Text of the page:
On 6 September 1522, Juan Sebastián Elcano and 17 other men sailed into Spain and became the first people to curcumnavate the world. On June 27, 1898, Joshua Slocum sailed into Newport, Rhode Island and became the first man to single-handed circumnavigate the world. But on 22 April 1969, Robin Knox-Johnston sailed into Falmouth England and became the first man to single-handed non-stop circumnavigation the world.
Deep Water is a riveting documentary about the Sunday Times Golden Globe Race. It is a true story of daring adventure with failure and triumph. In the summer of 1968 nine men sailed out on the first solo non-stop circumnavigation of the world. Six of the sailors dropped out of the race because of issues with their ship. One sailor never finished as he continued sailing on his personal adventure.
Which brings us to the most unusual aspect of this story, Donald Crowhurst. An amature sailor and briliant enginer he believed he could sail a 30 foot trimaran around the world. He never expected to win but to finance the adventure he sold his story to the media. His agreement did not require him to win but he could not drop out of the race unless his ship could no longer be sailed. From the start his inexperience showed as he had trouble translating theory to actual practice. I believe as he sailed south and approached the roaring 40s fear began to set in which led him to his decision to hide off the coast of Brazil and eventually leading to his suicide in the Mid Atlantic.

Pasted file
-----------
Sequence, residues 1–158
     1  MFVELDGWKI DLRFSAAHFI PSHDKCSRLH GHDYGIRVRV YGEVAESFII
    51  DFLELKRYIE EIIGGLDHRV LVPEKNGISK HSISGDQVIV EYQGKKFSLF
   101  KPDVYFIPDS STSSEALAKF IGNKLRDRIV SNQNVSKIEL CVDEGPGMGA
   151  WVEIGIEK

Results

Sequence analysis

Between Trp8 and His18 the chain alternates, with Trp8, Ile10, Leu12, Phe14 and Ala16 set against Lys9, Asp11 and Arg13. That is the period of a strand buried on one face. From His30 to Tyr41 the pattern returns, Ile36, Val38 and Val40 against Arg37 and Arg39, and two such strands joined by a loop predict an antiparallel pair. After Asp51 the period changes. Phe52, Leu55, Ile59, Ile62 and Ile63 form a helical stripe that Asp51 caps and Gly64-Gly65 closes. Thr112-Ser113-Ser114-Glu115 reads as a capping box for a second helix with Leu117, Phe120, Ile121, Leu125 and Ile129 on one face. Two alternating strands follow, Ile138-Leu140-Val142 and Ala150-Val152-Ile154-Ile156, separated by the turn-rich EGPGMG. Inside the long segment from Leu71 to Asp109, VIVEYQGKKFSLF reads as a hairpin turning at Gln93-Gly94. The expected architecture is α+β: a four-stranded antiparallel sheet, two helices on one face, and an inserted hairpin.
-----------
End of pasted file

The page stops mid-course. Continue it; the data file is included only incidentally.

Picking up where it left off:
The other anomaly in the mix was the French sailor Bernard Moitessier. He set sail in his 40 foot ketch Joshua and was poised to with both the prize and the trophy but after his journey around the bottom of the world he began to sail back to finish the race but suddenly turned back south and continued to sail around the world to become the first man to solo circumnavigate 1 1/2 times around the world. This opened the door for Robin Knox-Johnston to become the first man to single-handed non-stop circumnavigation the world.